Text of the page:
Cycling jerseys and bib shorts absorb a tremendous amount of sweat over their lifetimes, and even with regular laundering all that sweat can eventually lead to an unpleasant odor that remains in the fabric. Keeping your cycling clothing looking and smelling great isn’t difficult, but it does require a little more effort than simply emptying the contents of your smelly clothes hamper into the washer once per week. I’ve picked up a few tips and tricks over the years that have helped to keep my cycling apparel smelling clean and fresh, and I’d like to pass that information on in this morning’s blog…
The ideal method is to remove your cycling clothing immediately after a ride and launder it straight away. For 99% of us that’s not practical from a time or economic standpoint, so this article will focus on a more realistic once per week laundry day.
1) The first line of defense against odor is to remove your cycling clothing as soon as possible after a ride, and then hang your kit up to dry out. If you toss your wet, smelly clothes into a dark hamper and let them fester until laundry day, you are definitely going to have odor issues. Allowing the fabric to dry out before putting it in the hamper really helps (and it doesn’t take long).
2) Never, ever wear a dirty kit. That’s just nasty, and you will smell. No one wants to behind someone in a paceline that stinks of day-old sweat. Just don’t do it.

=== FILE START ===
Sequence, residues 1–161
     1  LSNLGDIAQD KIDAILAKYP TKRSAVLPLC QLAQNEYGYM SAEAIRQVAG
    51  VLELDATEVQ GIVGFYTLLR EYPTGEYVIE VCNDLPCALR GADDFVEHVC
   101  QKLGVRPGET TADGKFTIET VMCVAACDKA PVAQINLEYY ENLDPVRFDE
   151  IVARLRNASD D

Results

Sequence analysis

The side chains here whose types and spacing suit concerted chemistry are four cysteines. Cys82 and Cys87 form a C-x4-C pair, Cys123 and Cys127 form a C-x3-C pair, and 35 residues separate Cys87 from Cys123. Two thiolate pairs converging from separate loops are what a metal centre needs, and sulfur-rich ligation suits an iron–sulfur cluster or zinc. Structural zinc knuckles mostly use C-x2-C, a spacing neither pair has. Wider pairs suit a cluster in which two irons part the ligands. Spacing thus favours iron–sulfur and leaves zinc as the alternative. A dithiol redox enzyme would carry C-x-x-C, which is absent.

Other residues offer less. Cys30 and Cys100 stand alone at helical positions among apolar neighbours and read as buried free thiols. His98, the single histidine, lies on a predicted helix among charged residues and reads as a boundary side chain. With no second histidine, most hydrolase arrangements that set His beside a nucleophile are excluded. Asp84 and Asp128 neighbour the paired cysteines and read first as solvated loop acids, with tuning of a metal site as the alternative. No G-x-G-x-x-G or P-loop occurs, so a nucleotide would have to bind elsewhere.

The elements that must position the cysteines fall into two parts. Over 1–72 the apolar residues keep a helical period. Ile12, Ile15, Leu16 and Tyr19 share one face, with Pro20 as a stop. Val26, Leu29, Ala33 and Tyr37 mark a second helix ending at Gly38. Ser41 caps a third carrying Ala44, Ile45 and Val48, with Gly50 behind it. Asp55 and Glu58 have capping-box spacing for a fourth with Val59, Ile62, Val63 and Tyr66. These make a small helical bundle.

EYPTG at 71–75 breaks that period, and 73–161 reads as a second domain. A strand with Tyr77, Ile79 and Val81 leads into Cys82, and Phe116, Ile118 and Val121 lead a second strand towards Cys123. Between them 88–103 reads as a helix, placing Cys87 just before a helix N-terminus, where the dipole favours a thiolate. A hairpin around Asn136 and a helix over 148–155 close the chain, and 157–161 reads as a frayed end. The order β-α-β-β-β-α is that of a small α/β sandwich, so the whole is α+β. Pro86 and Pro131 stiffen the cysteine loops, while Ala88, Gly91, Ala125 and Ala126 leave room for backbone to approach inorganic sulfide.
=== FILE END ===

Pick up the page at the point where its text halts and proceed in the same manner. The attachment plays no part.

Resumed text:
3) When it’s time to wash your cycling clothing, I recommend that you wash only your cycling apparel in that load. Almost all cycling clothing has the same general wash instructions:
– Cold wash / cold rinse
– Gentle cycle
– Never use fabric softener
– Turn your bib shorts inside out
– Zip up your jersey zippers
– Velcro straps should be placed together
Front load washers tend to be more gentle that top loaders, and will extend the life of your cycling clothing. I have a front loader, and I’ve found that the “Gentle” cycle doesn’t quite get the job done. I use the “Normal” cycle, and have had very good results with that.
4) For laundry detergent we all have our own favorite, and whatever you prefer is probably fine. Personally I use Penguin Sport Wash, and it’s the best stuff around (and I’ve tried just about everything). I highly recommend it.
5) Okay, so now for the “secret” odor-fighting tip that many people don’t know about: distilled white vinegar. Vinegar is very inexpensive, and it really works (don’t worry, your clothes will not smell like vinegar). I simply add 1 cup of vinegar to the rinse cycle (I put it in the fabric softener dispenser), and that’s all there is to it. Do not add the vinegar to the wash cycle: vinegar is an acid and it will neutralize the laundry detergent, which is a base.
6) If your cycling clothes already have a “baked in” odor, you may want to soak them in a mixture of warm water and distilled white vinegar overnight. Then, launder as described above. If your stuff still smells after all of that, do your fellow cyclists a favor and burn them.
7) Finally, you’ll want to hang dry all of your cycling clothing. Dryers will not only ruin most sport fabrics, they will sort of bake in any odor that is present.
I hope these tips help. Happy, odor-free riding!